How Classpass helped me get stronger, drink less and feel more guilty: pros and cons


60 days of classpass: 47 workouts, 19 gyms, 2x strong, $3/class


My usual fitness plan consists of using the Big Blue Gym (running, biking outside) and telling myself that I’ll start stretching regularly tomorrow. I’m cheap – the idea of paying to work out when I already pay for roads and sidewalks and parks has always seemed ridiculous. Since I stopped figure skating competitively 11 years ago, my fitness levels have waxed and waned almost directly proportional to the length of my bike commute and available daylight hours.

The Big Blue Gym fitness plan was working pretty well until I got officially into my late 20’s; no longer can I smother a large platter of tater tots in hot sauce for dinner and simply ride to work and be in great shape.* It doesn’t help that my round trip commute is now only 4 miles.

This December was my worst fitness month in recent history. I averaged just 6.38 miles a day of bike riding and only ran 8 miles the entire month. I drank an average of 2 alcoholic drinks a day and was clocking 68 hours a week at the office and still took home work every night. I gave up and ate boxed vegan mac and cheese at least twice a week.

Once January hit and my crazy season ended at work, I realized it was time to try Something Very New. The Big Blue Gym had turned into The Dark Rainy Gray Gym and I was not getting fit. January lined up pretty well with all the gyms having their new year’s resolution sales, and I thought I’d try out Classpass when it was on sale for $20 for 2 weeks. I thought I’d cancel after that, but it was worth a jumpstart.

8 weeks later, Classpass has made me: measurably stronger (I can deadlift 80% of my bodyweight now), drink less (I halved my average drinks per day), stretch every single day, and a generally more daring person.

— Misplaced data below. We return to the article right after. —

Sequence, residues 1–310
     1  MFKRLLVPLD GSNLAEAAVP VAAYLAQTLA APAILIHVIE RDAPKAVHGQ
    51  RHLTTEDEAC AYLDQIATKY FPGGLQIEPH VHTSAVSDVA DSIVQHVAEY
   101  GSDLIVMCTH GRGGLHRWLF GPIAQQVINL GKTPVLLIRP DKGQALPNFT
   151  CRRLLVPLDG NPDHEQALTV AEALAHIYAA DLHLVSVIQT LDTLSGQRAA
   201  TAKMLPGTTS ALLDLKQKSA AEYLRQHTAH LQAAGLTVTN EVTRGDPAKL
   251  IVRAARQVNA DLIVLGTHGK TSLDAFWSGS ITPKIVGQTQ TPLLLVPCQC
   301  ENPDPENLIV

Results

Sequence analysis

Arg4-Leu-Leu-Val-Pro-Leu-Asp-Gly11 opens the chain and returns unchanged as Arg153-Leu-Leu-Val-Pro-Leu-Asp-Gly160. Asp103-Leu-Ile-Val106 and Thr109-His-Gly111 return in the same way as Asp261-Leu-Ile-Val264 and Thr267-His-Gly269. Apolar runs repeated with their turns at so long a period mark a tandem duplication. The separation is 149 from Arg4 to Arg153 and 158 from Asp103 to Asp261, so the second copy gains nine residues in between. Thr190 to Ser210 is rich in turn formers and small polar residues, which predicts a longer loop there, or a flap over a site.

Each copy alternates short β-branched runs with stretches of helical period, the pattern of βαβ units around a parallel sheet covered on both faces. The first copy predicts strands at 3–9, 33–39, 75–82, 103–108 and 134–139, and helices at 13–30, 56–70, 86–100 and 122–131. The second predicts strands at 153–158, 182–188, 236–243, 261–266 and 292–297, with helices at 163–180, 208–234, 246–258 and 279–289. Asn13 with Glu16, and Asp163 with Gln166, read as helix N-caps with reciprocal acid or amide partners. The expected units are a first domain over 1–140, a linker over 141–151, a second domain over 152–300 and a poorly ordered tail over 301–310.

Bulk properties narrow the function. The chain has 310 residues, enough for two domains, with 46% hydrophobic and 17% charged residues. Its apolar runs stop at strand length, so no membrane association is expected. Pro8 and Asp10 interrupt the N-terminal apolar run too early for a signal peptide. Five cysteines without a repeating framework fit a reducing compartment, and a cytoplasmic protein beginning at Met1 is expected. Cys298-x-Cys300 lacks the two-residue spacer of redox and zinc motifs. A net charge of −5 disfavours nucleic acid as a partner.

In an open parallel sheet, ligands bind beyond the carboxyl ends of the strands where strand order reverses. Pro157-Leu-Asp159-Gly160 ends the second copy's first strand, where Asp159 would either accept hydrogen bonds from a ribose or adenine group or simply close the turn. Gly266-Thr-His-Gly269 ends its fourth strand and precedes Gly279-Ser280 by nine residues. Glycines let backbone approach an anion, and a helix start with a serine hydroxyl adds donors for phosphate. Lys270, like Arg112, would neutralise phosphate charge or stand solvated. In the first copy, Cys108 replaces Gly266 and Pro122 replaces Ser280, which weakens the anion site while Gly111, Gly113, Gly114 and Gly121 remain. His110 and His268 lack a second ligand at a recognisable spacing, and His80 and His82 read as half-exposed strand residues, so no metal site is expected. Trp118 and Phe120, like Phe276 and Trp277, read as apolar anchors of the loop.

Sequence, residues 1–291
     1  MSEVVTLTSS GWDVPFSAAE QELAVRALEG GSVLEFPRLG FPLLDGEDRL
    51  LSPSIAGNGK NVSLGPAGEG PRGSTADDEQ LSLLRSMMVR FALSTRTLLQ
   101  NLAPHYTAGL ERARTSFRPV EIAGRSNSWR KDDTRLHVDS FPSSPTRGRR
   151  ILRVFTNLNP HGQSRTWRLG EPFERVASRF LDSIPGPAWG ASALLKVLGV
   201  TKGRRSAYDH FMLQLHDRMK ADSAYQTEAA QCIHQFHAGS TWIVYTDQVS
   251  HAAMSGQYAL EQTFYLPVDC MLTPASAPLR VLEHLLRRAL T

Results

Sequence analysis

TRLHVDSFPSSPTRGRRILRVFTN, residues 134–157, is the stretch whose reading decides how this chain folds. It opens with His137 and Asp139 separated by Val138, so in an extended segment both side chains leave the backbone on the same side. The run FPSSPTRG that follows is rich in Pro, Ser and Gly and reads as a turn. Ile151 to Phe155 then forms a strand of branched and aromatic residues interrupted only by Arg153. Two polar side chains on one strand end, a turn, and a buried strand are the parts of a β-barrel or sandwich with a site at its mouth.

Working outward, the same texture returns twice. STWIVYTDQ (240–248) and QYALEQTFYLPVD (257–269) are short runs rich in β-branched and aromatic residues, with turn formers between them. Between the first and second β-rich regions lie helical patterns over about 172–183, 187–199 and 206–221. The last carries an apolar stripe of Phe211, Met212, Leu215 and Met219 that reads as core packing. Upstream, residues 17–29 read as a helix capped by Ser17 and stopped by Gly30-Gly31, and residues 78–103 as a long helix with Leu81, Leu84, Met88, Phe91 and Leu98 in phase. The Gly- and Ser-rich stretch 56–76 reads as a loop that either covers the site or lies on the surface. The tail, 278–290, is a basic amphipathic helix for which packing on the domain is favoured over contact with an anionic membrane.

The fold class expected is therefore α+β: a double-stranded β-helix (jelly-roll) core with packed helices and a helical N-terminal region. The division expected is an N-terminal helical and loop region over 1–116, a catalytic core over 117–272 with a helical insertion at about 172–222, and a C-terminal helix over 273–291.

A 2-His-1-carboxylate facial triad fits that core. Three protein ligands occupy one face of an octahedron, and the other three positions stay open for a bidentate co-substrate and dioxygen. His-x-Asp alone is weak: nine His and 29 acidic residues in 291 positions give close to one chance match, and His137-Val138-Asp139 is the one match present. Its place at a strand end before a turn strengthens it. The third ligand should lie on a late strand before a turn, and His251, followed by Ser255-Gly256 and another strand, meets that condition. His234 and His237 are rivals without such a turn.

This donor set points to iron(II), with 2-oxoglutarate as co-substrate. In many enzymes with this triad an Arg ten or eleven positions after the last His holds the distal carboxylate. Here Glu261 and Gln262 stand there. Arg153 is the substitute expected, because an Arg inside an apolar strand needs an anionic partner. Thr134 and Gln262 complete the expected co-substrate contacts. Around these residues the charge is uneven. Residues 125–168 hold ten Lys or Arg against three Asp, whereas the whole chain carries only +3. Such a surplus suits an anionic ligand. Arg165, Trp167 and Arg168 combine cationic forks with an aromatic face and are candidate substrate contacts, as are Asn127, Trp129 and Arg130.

I’ve gone to 19 different gyms and taken 47 hour+ long fitness classes. I’ve done barre, olympic weightlifting, and contemporary dance.

What exactly is Classpass? It’s a subscription service that gives access to a network of high-end “boutique” fitness classes. For $79/month, you can go to as many yoga, spinning, and crossfit classes in the studio that your heart desires. The kind of fitness studios that are in this are the kind of brand name places where classes usually run $11-20 a pop. There’s a few caveats though: you can only go to 3 classes at each gym per month, class schedules are only available a week out, and you can only have 4 classes booked at a time.

The Pros of Classpass


  1. Just Tell Me What to Do
    The biggest advantage of going to group fitness classes over solo working out is that I don’t have to think. Instead of having to spend brain power on figuring out how much time should be spent stretching or how many reps is enough, a professional tells me. It’s not that I can’t figure this out on my own – I can, I have the coaching background (figure skating) and Google – but with a group class, I don’t have to worry about it.

    The less time I have to spend figuring out the right rep progression, the more time I can spend actually working out. Even when I was a competitive athlete, during solo training I spent a lot of time crafting training plans or skating around in circles thinking about the next jump to work on. With classes instead of solo training, simply getting myself to the gym is the only thing I need to do to make sure I get a successful hour of working out. No longer do I have to worry about which heavy things to lift when or how hard I need to go to hit the maximal aerobic capacity. Someone else worries about that for me, I just do it.